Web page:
Con to the question "Should Churches (Defined as Churches, Temples, Mosques, Synagogues, etc.) Remain Tax-Exempt?"
"If history be our guide, then tax exemption of church property in this country is indeed highly suspect, as it arose in the early days when the church was an agency of the state...
Churches, like newspapers also enjoying First Amendment rights, have no constitutional immunity from all taxes...
If believers are entitled to public financial support, so are nonbelievers. A believer and nonbeliever under the present law are treated differently because of the articles of their faith. Believers are doubtless comforted that the cause of religion is being fostered by this legislation. Yet one of the mandates of the First Amendment is to promote a viable, pluralistic society and to keep government neutral, not only between sects, but also between believers and nonbelievers. The present involvement of government in religion may seem de minimis [insignificant]. But it is, I fear, a long step down the Establishment path...
I conclude that this tax exemption is unconstitutional."
Walz v. Tax Commission of the City of New York (dissenting opinion), May 4, 1970
Experts JD's (lawyers), PhDs, US Presidents, federal appellate opinions, US Founding Fathers, Members of Congress, members of state legislative bodies, and individuals with graduate degrees and significant post-graduate involvement in, or related to, the churches and taxes issue and/or government, constitutional law, economics and taxation, theology, or other relevant fields. [Note: Experts definition varies by site.]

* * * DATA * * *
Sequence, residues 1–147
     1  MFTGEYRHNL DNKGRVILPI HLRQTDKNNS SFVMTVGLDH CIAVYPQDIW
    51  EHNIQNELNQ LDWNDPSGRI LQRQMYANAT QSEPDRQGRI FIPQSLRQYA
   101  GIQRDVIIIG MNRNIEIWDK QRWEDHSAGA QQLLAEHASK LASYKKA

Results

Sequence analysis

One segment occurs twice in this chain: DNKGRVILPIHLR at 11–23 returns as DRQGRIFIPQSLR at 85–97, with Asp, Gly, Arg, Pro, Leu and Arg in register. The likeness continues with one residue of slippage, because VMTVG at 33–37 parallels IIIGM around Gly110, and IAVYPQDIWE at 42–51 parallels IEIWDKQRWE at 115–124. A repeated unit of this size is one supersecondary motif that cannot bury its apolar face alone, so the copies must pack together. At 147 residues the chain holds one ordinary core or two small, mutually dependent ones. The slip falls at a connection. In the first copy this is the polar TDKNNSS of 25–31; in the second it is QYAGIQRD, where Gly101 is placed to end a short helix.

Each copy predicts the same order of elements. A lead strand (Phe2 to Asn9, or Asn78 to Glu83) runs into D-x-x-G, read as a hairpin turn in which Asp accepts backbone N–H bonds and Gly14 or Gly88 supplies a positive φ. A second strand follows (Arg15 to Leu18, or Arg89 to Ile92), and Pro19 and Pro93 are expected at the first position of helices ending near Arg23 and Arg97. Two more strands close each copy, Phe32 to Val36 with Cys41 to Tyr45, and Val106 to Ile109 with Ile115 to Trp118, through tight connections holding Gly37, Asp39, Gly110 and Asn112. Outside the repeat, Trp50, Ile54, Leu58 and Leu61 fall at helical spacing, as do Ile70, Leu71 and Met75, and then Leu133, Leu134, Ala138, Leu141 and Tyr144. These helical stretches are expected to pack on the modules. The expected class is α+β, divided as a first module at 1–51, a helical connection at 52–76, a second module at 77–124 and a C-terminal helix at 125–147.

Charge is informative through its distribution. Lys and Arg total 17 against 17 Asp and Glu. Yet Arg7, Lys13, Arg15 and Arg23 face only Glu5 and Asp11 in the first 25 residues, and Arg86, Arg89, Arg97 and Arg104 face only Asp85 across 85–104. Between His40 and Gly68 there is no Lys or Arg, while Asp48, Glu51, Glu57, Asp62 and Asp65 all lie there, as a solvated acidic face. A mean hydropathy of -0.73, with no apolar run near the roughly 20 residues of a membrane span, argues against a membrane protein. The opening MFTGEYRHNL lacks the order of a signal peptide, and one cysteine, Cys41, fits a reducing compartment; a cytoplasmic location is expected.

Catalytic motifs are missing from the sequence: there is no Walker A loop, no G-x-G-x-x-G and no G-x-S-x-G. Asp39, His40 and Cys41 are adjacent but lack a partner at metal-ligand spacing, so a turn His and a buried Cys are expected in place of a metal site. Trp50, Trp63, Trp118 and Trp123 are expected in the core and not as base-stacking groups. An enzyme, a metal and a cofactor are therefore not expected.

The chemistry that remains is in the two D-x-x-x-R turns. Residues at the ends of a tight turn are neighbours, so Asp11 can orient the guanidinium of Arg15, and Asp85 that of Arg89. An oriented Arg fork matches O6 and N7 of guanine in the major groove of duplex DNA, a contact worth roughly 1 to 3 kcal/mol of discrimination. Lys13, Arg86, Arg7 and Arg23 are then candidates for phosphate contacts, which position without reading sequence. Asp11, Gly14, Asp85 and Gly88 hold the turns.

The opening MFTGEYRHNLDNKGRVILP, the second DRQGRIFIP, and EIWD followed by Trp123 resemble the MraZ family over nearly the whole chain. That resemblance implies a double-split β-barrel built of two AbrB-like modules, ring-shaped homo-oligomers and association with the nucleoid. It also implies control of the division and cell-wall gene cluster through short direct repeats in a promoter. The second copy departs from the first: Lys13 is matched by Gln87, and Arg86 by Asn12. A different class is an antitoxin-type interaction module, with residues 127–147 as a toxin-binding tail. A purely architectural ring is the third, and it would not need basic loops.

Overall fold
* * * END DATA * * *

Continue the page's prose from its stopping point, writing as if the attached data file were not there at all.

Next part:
Involvement and Affiliations:
Associate Justice, US Supreme Court, Apr. 17, 1939-Nov. 12, 1975
Commissioner, US Securities and Exchange Commission, 1936-1939 (Chairman, 1937-1939)
Director, Protective Study Committee, US Securities and Exchange Commission, 1934-1936
Sterling Professor of Law, Yale Law School, 1928-1936
Assistant Professor of Law, Columbia Law School, 1926-1928
Private practice, New York City, 1925-1926
Attended Whitman College regiment of the Students' Army Training Corps, Walla Walla, WA
LLB, Columbia Law School, 1925
AB, Whitman College, 1920
Phone: None found Fax: None found Email: None found Website: None found
Nature's Justice: Writings of William O. Douglas, Ed. James M. O'Fallon, 2009
The Court Years: 1939 to 1975: The Autobiography of William O. Douglas, 1980
Go East,Young Man: The Early Years: The Autobiography of William O. Douglas, 1974
An Almanac of Liberty, 1973
The Three Hundred Year War: A Chronicle of Ecological Disaster, 1972
The Right of the People, 1962
Muir of the Mountains, 1961
Of Men and Mountains, 1950
Being an American, 1948
Died in Bethesda, MD, on Jan. 19, 1980 (buried at Arlington National Cemetary, VA)
Full name is William Orville Douglas
Record-holder for longest continuous service on the the US Supreme Court: 36 years, 6 months, and 25 days
Nickname: Wild Bill
Son of William Douglas (Presbyterian minister)
Born in Maine, MN, on Oct. 16, 1898
"On his tombstone in Arlington National Cemetery, William O. Douglas is identified correctly as a former justice of the United States Supreme Court, and incorrectly as a former member of the United States armed forces... Douglas himself was willfully responsible for the mistake. For 10 weeks at the end of World War I, the 20-year-old Douglas served in the Whitman College regiment of the Students' Army Training Corps in Walla Walla, Wash., where he and his fellow trainees conducted unarmed predawn marches in their street clothes against imaginary enemies. He later described his wartime experience as a three-month stint in Europe as an Army private, and recorded some of the putative details in an autobiography as well as a Supreme Court opinion." "Dirty Rotten Hero," New York Times, Apr. 13, 2003